Extracts from the Open Cloud Manifesto
The buzz around cloud computing has reached a fever pitch. Some believe it is a disruptive trend representing the next stage in the evolution of the Internet. Others believe it is hype, as it uses long established computing technologies. As with any new trend in the IT world, organisations must figure out the benefits and risks of cloud computing and the best way to use this technology.
What is Cloud Computing and Why is it Important?
In order to understand the core principles of an open cloud, we need to first agree on some basic definitions and concepts of cloud computing itself. First, what is
the cloud? The architecture and terminology of cloud computing is as clearly and precisely defined as, well, a cloud. Since cloud computing is really a culmination of many technologies such as grid computing, utility computing, SOA, Web 2.0, and other technologies, a precise definition is often debated.
The key characteristics of the cloud are:
- Scalability on Demand
- Streamlining the data Centre
- Improving Business Processes
- Minimising Startup Costs
Challenges and Barriers to Adoption
Although the cloud presents tremendous opportunity and value for organisations, the usual IT requirements (security, integration, and so forth) still apply. In addition, some new issues come about because of the multi-tenant nature (information from multiple companies may reside on the same physical hardware) of cloud computing, the merger of applications and data, and the fact that a company’s workloads might reside outside of their physical on-premise datacenter.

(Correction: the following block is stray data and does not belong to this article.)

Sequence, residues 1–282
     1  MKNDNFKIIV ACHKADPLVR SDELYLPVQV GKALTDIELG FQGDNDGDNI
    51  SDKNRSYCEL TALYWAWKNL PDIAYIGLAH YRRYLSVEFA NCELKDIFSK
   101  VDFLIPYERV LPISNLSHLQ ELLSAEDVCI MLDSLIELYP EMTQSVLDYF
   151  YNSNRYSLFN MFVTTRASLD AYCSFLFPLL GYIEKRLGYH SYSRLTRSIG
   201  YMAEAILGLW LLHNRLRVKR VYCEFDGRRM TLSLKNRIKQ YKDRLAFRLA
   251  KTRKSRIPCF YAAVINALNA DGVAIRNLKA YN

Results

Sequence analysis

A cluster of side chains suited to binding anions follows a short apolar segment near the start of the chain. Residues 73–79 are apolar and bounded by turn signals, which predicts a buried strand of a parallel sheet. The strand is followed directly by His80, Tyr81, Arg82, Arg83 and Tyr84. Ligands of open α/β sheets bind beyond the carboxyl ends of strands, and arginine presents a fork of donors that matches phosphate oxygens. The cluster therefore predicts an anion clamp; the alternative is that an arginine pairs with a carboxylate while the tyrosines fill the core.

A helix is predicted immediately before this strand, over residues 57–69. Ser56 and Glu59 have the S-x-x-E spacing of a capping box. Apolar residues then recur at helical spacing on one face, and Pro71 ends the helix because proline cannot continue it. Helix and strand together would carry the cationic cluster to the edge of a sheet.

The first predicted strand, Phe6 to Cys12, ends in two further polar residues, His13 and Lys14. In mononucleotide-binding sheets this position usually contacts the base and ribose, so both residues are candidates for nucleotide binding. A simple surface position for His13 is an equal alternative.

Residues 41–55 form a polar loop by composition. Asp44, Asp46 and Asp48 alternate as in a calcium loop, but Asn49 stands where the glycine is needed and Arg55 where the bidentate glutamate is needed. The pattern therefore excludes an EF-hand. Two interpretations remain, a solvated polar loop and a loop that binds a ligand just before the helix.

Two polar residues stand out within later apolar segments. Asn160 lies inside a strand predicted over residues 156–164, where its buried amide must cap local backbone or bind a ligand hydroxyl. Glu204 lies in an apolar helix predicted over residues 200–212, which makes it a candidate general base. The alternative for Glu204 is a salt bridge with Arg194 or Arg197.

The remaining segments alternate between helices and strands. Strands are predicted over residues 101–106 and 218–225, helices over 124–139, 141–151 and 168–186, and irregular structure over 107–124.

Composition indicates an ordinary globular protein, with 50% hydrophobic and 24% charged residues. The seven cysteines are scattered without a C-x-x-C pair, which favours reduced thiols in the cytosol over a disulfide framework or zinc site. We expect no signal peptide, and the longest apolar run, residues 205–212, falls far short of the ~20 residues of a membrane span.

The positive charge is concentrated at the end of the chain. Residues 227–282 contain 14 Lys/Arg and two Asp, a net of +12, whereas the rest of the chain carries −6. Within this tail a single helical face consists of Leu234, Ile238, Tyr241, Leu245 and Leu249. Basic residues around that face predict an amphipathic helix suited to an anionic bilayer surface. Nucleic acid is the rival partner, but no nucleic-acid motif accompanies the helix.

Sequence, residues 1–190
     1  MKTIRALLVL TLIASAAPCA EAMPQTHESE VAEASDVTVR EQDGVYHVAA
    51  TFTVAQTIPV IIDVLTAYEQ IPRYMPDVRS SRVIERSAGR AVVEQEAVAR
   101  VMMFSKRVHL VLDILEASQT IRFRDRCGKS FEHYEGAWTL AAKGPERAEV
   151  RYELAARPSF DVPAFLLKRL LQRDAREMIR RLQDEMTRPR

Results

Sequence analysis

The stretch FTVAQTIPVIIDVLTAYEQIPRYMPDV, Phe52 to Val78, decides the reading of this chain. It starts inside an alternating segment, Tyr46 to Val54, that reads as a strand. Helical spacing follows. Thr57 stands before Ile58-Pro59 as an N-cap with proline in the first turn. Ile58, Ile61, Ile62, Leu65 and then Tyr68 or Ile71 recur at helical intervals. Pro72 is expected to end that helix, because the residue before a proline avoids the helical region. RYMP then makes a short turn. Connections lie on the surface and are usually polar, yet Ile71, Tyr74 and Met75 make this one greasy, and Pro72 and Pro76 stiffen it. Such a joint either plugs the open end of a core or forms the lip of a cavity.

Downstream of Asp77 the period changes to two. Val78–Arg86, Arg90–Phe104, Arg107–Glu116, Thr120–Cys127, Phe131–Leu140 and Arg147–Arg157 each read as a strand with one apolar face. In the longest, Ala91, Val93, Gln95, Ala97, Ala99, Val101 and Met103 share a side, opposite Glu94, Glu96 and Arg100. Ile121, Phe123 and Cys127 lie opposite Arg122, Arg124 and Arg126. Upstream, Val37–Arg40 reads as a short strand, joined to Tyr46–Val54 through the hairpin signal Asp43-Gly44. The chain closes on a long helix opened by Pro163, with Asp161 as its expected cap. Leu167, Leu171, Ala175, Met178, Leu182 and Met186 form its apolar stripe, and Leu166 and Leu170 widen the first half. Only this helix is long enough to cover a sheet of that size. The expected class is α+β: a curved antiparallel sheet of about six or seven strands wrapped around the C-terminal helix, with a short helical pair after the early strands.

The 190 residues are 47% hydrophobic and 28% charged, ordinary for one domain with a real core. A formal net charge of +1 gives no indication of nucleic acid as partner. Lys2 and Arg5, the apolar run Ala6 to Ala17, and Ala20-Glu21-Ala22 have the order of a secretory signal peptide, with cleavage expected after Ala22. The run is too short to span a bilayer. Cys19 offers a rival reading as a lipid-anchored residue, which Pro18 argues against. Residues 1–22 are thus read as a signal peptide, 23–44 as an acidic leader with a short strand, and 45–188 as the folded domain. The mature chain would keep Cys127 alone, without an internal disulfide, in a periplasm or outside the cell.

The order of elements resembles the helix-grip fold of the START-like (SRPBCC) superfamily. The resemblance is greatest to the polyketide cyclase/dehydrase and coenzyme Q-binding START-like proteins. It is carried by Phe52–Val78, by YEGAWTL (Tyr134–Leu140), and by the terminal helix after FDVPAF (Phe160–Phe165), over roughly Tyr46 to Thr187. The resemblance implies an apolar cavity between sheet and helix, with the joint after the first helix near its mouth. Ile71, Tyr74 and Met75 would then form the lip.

- Data and Application Interoperability
- data and Application Portability
- Governance and Management
- Metering and Monitering
The Goals of an Open Cloud
Customers expect that the cloud services they use will be as open as the rest of their IT choices. As an open cloud becomes a reality, business leaders will beneﬁt in several ways.
- Speed and Agility
Principles of the Open Cloud
Many clouds will continue to be different in a number of important ways, providing unique value for organisations. As cloud computing matures, there are several key principles that must be followed to ensure the cloud is open and delivers the choice, flexibility and agility organisations demand:
- Cloud providers must work together to ensure that the challenges to cloud adoption (security, integration, portability, interoperability, governance/management, metering/monitoring) are addressed.
- Cloud providers must not use their market position to lock customers into their particular platforms and limit their choice of providers.
- Cloud providers must use and adopt existing standards wherever appropriate.
- When new standards (or adjustments to existing standards) are needed, we must be judicious and pragmatic to avoid creating too many standards.
- Any community effort around the open cloud should be driven by customer needs, not merely the technical needs of cloud providers, and should be tested or verified against real customer requirements.
- Cloud computing standards organisations, advocacy groups, and communities should work together and stay coordinated, making sure that efforts do not conflict or overlap.
Although this is a time of great innovation for the cloud computing community, that innovation should be guided by the principles of openness. Industry participants must work together to ensure that the cloud remains as open as all other IT technologies.